In late December, an Irish peacekeeper was killed in Lebanon. The soldier had been serving in the U.N. Interim Force in Lebanon, an organization established in 1978 to stabilize the frontier between Israel and its enemies across the Lebanese border—first the PLO, and then the Iran-backed terrorist group Hezbollah. With nearly 10,000 troops from 48 nations, UNIFIL’s presence in south Lebanon represents the densest concentration of peacekeepers per square kilometer in the world. Forty-five years after this “interim” force was deployed, the Israel-Lebanon border region remains precarious, and UNIFIL peacekeepers are increasingly threatened.
Seven suspects have been charged in the killing, although only one has been rendered by Hezbollah to the Lebanese Armed Forces. Still, if past is precedent, there will be no credible investigation much less accountability in the peacekeeper’s death. The reason is simple: Hezbollah dominates Lebanon, which is essentially a failed state, and its so-called “institutions,” especially the security organs.
There is little doubt that Hezbollah was responsible for the peacekeeper’s death. Not only does the militia tightly control the area in which the killing occurred, it has a history of inciting against and attacking UNIFIL, whose mandate in part is to help the LAF ensure that south Lebanon is “free of any armed personnel, assets, and weapons” other than those of the LAF and UNIFIL.
This mission, enshrined in U.N. Security Council Resolution 1701 (2006), was intended to prevent Hezbollah from rearming after a costly 34-day war that saw the organization rain down more than 100 rockets a day on the Jewish state. UNIFIL’s presence was increased fivefold—from 2,000 to more than 10,000 peacekeepers—to accomplish this objective, but it has never fulfilled its mandate, and Hezbollah has since fully replenished its arsenal. Today, it’s believed Hezbollah possesses over 150,000 rockets and missiles, which it’s actively upgrading to precision-guided munitions.
In its biannual reports to the Security Council, UNIFIL openly concedes its failure to interdict weapons destined for Hezbollah. While the contingent acknowledges allegations of “arms transfers to non-State actors” in Lebanon, i.e., Hezbollah, UNIFIL says it’s “not in a position to substantiate” them. Given how ubiquitous U.N. peacekeepers are in the Hezbollah heartland, this perennial failure to observe—let alone appropriate—even a single weapons delivery is a fair measure of the utter failure of UNIFIL’s mission. Regardless, Washington continues to pour hundreds of millions of dollars into this failed enterprise, and its local partner, the LAF.
Since 2006, UNIFIL patrols have periodically been subjected to Hezbollah roadside bombs in what quickly proved to be a successful effort to proactively discourage the organization from executing its charge. In recent years, though, U.N. peacekeepers have increasingly been targeted by the terror organization that runs Lebanon, and which tightly controls the region that UNIFIL was set up to secure.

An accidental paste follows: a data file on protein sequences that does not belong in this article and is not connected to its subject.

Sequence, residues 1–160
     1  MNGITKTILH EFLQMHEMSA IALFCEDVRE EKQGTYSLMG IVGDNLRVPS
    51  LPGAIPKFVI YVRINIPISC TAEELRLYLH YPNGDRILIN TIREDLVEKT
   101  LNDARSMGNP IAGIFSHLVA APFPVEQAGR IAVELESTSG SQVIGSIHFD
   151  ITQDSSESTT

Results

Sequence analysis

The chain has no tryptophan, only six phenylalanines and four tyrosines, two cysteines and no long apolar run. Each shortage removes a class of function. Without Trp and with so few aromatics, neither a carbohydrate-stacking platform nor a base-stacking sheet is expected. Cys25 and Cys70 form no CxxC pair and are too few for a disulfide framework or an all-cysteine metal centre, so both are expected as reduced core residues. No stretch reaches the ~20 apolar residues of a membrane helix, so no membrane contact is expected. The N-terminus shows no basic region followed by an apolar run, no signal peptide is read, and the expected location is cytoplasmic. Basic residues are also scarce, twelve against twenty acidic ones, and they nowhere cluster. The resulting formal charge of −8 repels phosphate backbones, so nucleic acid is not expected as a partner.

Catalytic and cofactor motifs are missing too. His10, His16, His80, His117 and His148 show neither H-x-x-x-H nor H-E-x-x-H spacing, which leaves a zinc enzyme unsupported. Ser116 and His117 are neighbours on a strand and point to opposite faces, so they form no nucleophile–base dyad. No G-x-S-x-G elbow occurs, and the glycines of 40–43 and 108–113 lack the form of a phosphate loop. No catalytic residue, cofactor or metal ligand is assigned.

The latest U.N. reports tell a harrowing story of a spike in the pattern of harassment and assaults on the force. These threats and violence, typically perpetrated by men in “civilian clothes,” effectively denies UNIFIL access to Hezbollah’s military sites in south Lebanon.
Of course, the militia denies responsibility for the death of the peacekeeper; Hezbollah security chief Wafic Safa described the incident as “unintentional.” Still, pictures of the bullet-ridden vehicle and the visible attempt to pry open the car’s doors suggest the soldier was assassinated, in a clear message of Hezbollah’s growing hostility toward UNIFIL.
Consider that just four months before this attack, Hezbollah Secretary General Hassan Nasrallah publicly criticized an amendment in the UNIFIL mandate’s most recent extension. The language, inserted by the Security Council in August 2022, permitted the organization to “conduct its operations independently,” a modification Nasrallah described as an Israeli “trap” and “a violation of Lebanese sovereignty.” For Hezbollah and its supporters, the message could not have been clearer.
Of course, the new language sanctioning independent UNIFIL operations was necessary not because of Hezbollah, but due to the dysfunctional dynamic between UNIFIL and the Lebanese Armed Forces. The U.N. expects the LAF to conduct “coordinated and adjacent patrols” with the organization, as well as to “protect UNIFIL movements and access.” In collusion with Hezbollah, however, the Lebanese Armed Forces—which received $236 million in U.S. funding in 2021—routinely obstructs UNIFIL operations and access.